If OpenGL had worked:
1: I expect it would have been installed by default and I wouldn’t have had to do anything.
2. These instructions appeared on the Google page once I specified Ubuntu 14.04
1. Type/Copy/Paste: sudo apt-get update
2. Type/Copy/Paste: sudo apt-get install freeglut3
3. Type/Copy/Paste: sudo apt-get install freeglut3-dev
4. Type/Copy/Paste: sudo apt-get install binutils-gold
3.If you still have trouble, perhaps the OpenGL perl bindings are not installed
>sudo cpan -i OpenGL https://github.com/alexrj/Slic3r/issues/3075
OK, if I can’t get GUI Slic3r, then maybe I can still install OctiPrint. I’d noticed the U2’s clock wasn’t getting updated by the NTP server. It hadn’t been a problem before updating Ubuntu, but now no SSL sites would load because the certs were invalid because of the discrepancy in the date. I’d attempted to reconcile the NTP server but failed. In #linuxlugcast, kwisher said he’d seen it before and recommended uninstalling and reinstalling NTP first.
>sudo apt-get remove –purge ntp
>sudo apt-get install ntp
>sudo dpkg-reconfigure ntp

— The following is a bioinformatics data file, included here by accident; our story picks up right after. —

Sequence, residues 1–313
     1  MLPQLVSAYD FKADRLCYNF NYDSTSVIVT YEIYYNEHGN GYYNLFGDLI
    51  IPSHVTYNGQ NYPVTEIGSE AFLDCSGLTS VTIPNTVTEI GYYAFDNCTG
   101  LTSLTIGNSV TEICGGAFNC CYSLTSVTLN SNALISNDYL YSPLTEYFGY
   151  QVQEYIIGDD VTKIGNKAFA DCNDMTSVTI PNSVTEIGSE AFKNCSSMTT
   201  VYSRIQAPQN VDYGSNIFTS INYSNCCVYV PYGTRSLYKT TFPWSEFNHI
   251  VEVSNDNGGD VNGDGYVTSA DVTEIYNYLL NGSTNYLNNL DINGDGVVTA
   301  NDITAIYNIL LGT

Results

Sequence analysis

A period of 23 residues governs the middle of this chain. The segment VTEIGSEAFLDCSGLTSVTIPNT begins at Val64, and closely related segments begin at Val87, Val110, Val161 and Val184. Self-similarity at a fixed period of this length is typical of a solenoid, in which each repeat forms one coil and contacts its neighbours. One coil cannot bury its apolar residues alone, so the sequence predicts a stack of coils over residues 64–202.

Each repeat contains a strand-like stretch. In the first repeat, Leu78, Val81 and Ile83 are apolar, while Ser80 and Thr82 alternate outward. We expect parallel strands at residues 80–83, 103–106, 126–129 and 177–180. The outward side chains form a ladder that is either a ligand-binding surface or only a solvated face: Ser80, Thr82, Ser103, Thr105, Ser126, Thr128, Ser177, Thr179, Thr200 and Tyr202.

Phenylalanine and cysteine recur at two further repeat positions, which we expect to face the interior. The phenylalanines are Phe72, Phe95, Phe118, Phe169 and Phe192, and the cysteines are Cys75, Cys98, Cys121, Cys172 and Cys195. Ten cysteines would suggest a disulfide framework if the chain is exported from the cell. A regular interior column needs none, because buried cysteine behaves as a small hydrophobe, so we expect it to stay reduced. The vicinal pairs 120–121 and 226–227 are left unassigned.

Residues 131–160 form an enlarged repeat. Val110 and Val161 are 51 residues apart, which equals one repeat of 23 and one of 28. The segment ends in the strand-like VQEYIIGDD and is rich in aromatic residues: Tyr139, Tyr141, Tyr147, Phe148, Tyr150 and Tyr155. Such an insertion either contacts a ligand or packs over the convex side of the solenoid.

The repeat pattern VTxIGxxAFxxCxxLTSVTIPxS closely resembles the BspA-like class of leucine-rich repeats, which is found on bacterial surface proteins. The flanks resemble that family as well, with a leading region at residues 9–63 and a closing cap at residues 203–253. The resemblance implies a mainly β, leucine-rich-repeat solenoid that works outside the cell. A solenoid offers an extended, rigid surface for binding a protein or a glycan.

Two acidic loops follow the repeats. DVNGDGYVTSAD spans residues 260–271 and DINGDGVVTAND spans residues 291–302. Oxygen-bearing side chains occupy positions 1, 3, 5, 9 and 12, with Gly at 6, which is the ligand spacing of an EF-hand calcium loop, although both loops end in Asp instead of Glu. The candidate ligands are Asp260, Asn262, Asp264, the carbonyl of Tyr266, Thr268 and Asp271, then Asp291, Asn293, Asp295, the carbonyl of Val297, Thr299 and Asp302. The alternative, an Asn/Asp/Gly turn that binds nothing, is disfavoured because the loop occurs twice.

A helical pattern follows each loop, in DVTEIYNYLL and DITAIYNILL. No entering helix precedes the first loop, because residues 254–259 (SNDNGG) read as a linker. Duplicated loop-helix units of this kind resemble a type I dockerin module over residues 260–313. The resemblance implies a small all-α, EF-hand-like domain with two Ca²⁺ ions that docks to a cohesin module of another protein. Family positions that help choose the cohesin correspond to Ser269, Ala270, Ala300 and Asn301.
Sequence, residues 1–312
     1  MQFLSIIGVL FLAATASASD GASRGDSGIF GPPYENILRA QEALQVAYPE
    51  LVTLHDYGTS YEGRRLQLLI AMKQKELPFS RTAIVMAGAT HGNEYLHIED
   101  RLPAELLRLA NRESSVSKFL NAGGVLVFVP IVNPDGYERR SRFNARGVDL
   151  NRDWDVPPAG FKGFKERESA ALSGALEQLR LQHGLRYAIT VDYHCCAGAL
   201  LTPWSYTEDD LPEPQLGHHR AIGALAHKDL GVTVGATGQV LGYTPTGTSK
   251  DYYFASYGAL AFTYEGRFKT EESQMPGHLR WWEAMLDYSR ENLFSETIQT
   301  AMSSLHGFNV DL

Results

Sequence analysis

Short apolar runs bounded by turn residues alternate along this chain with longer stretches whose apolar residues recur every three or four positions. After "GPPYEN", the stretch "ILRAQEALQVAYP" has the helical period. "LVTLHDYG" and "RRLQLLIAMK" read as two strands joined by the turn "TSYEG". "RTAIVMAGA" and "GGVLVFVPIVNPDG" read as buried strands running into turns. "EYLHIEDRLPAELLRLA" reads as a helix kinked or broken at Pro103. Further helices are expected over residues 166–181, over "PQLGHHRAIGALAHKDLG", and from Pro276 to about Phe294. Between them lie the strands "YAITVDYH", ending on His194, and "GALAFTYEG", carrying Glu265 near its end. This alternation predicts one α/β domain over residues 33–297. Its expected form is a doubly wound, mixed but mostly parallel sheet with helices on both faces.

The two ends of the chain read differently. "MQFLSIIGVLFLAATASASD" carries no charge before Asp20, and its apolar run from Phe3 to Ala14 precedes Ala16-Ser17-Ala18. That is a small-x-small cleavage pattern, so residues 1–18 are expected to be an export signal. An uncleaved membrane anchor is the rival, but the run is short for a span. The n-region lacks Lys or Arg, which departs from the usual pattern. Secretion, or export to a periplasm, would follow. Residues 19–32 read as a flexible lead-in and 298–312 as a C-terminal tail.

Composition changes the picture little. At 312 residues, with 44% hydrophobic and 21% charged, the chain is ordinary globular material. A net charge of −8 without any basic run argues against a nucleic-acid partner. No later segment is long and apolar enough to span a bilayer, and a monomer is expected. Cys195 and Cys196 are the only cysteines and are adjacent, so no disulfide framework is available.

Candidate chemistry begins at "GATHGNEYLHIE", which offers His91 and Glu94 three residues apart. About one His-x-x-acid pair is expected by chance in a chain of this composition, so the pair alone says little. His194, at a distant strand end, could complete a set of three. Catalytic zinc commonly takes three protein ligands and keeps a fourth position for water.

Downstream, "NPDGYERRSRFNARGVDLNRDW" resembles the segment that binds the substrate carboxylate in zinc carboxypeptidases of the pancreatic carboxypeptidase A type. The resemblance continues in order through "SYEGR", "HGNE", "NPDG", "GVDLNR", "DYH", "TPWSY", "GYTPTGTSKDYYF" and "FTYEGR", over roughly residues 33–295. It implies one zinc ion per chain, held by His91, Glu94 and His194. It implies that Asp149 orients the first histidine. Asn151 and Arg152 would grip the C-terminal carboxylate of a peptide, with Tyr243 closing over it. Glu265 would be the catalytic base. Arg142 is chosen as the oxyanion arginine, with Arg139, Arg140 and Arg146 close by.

>sudo dpkg-reconfigure tzdata
That let SSL sites load, but Firefox and Chrome were still unstable (seems like this happened on my C2 as well).
Kwisher also gave me a link to instructions on installing OctoPrint on a Pi http://forum.diigiit.com/viewtopic.php?pid=1729 I went smoothly until the second to last instruction where it refused to compile. Next day I ordered a Pi 3.
Fixing my broken Solus install was so absurdly easy I’m embarrassed to tell. I’d already determined Linux was still running behind the blinking cursor because <Ctrl><Alt><Del> caused a reboot. <Ctrl><Alt><F1> put me in a terminal with a login prompt. After logging in, I performed another update and it fixed what ever broke on the last one. Next show, I’ll present a summary of all the other things I tried which may be relevant for a listener in the future.
Installed a Ubiquiti UniFi AP. Surprisingly, setup on Linux was not as trivial as one might expect.
1. Controller software (replacing the expensive controller hardware required by other enterprise WiFi solutions) was only available as a .deb (with Intel binaries)
1. Looked for a solution to install a .deb on my Arch server. Neither dpkg for Arch or the DebTap script panned out.
2. >sudo dpkg -i UniFiController.deb resulted in unmet dependencies. >apt-cache search revealed I needed to install MongoDB to complete the setup.
3. After physical setup, you still need to download the User Manual. It doesn’t mention Linux, but you can access the controller at //localhost:8443. From there, it is just a matter of following the prompts. The controller does not need to stay running for the AP to work.
When next we meet, I will have been to Ohio Linux Fest in Columbus.
Octoprint on orange pi zero using armbian
How to install Octoprint on Linux
Next recording date: Oct. 6, 2017